Double Trouble (Maternal Instincts Mystery Series: Book Twelve) Sneak Peek – Chapter Three | Diana Orgain

Double Trouble (Maternal Instincts Mystery Series: Book Twelve) Sneak Peek – Chapter Three

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From Double Trouble 

Chapter Three

The hot water felt absolutely heavenly on my pounding head.

Jim had chosen the guest bathroom, leaving the larger shower in our master for me. I took my time scrubbing away the remnants of the sticky frosting, secure in the knowledge that Paula would pull out all the stops to play hostess to our guests.

Another pang ricocheted through my abdomen, the sickening, tightening sensation hitting me like a piano falling out of the sky. I slammed one hand against the wall and grabbed at the shower curtain with the other. The fabric jolted, a ripping sound telling me I’d pulled the curtain halfway off the hooks. I staggered to keep my balance, leaning forward with both my palms pressed against the fiberglass.

Breathe in. Breathe out. Just a Braxton Hicks.

The seconds dragged on and on and on. Finally, the tightening sensation eased. I stood up straight, took a slow breath, and turned the knob to send a stream of cool water washing over me.

I couldn’t be starting labor already, could I?

But I dismissed the treacherous thought by pure force of will. The twins might come early, but not this early. We just have to get through this party and Laurie’s birthday, and then the twins can make their debut anytime.

Squinting at the drooping curtain, I half-considered trying to reattach it to the hooks, but decided against it. I need to get back to Laurie’s party. Jim will fix it later.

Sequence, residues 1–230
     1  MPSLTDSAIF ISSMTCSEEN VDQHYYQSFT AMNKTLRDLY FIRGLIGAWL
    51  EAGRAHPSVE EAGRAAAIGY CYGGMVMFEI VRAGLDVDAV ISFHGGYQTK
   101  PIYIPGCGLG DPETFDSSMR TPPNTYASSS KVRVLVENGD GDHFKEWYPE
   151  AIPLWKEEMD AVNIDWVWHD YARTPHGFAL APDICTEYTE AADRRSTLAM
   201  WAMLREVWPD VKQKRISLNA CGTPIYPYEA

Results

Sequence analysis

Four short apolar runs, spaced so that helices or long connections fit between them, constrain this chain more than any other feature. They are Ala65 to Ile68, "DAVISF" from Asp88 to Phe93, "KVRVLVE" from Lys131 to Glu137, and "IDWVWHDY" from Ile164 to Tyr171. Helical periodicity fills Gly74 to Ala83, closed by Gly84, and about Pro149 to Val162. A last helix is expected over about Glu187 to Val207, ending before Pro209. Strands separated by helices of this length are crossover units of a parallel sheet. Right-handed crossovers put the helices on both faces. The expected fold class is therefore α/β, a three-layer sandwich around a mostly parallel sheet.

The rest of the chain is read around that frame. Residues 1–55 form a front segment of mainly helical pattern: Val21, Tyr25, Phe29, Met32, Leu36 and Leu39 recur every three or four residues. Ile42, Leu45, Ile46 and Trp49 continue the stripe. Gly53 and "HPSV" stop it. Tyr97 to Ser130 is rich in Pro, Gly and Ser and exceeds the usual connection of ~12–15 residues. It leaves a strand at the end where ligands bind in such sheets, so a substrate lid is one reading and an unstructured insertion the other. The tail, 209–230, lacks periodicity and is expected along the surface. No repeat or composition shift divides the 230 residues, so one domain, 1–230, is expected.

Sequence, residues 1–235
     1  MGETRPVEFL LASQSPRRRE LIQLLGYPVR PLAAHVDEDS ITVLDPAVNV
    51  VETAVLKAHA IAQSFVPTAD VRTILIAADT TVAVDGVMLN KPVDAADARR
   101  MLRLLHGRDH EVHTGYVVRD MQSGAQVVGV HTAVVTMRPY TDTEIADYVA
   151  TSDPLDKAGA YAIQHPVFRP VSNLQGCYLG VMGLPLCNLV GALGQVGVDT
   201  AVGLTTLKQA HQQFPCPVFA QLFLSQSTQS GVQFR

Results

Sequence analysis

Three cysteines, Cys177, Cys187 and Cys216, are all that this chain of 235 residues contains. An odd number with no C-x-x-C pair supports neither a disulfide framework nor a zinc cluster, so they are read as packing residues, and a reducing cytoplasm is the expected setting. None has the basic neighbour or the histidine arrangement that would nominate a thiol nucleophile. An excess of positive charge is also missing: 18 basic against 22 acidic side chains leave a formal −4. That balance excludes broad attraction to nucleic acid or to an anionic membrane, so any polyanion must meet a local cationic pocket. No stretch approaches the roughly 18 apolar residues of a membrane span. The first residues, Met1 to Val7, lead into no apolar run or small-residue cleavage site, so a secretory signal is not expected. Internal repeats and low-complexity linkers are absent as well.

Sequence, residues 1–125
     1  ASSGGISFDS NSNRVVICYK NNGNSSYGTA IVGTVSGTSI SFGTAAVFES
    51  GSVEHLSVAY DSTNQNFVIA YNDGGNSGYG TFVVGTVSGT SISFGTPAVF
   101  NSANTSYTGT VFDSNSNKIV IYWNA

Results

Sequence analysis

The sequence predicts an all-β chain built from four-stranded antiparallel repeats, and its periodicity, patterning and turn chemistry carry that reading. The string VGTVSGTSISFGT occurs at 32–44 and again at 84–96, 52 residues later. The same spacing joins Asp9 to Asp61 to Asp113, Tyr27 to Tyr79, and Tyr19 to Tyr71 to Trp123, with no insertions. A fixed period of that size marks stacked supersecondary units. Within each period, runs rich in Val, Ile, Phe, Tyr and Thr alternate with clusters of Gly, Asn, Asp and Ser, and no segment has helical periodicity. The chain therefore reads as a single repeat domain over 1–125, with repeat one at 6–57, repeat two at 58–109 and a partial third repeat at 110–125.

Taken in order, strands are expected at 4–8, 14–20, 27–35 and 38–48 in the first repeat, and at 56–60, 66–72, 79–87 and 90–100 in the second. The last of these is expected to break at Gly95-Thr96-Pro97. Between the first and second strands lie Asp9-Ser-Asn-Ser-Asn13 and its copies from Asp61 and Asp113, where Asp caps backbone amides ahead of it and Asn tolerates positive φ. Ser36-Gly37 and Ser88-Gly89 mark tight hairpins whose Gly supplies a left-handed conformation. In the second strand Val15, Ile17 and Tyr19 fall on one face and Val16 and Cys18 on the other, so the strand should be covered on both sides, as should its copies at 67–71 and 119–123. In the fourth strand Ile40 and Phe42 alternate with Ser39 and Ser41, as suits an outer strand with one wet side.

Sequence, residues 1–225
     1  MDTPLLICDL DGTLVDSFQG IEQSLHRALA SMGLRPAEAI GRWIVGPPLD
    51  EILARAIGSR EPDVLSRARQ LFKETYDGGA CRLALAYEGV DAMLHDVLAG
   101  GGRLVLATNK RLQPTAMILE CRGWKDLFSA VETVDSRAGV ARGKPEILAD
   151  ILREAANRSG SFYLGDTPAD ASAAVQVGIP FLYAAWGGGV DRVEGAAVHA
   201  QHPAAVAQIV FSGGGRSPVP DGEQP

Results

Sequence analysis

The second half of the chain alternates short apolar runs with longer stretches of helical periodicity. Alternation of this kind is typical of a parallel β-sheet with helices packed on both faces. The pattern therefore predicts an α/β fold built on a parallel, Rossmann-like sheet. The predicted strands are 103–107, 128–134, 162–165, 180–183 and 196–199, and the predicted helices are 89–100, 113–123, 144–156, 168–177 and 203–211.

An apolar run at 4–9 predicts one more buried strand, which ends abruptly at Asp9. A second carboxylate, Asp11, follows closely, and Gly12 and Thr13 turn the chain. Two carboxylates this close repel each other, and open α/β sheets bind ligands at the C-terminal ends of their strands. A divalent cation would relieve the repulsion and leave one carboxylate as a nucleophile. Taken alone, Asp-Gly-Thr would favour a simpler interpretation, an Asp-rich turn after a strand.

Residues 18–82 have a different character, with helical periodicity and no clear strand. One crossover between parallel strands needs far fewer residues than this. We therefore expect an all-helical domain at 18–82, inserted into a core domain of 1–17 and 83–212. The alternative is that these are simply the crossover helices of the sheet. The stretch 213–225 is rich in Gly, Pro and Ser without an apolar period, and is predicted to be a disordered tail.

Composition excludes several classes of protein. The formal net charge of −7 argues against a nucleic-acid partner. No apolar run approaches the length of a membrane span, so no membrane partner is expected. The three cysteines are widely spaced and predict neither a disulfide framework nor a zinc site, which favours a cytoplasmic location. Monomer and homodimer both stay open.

I shoved aside folds of fabric, toweled off, and scrunched my hair mostly dry, then picked out a cute maternity dress that flattered my bump.

When I made my way back out to the party, my dad was sitting on the floor with Laurie, reading a board book to her. The other party guests milled around the living room and kitchen. When Jim saw me, he crossed the room and pulled me into an awkward over-the-bump hug.

“Feeling better?” he murmured in my ear.

“Much! Is Laurie having a good time?” I asked, standing on my tiptoes to peer over his shoulder at my baby girl on her grandpa’s lap.

“She’s having a great time,” he said. “Her grandparents were positively fighting over her.”

Galigani and Rhonda, my stepmom, walked out of the kitchen chatting and laughing. I smiled a little. I was glad everyone was starting to become friends. My dad had moved back to San Francisco a couple months earlier, eager to make up for lost time. While I’d been hesitant to accept his presence at first, it felt really nice to have a dad again.

But speaking of Laurie’s grandparents . . .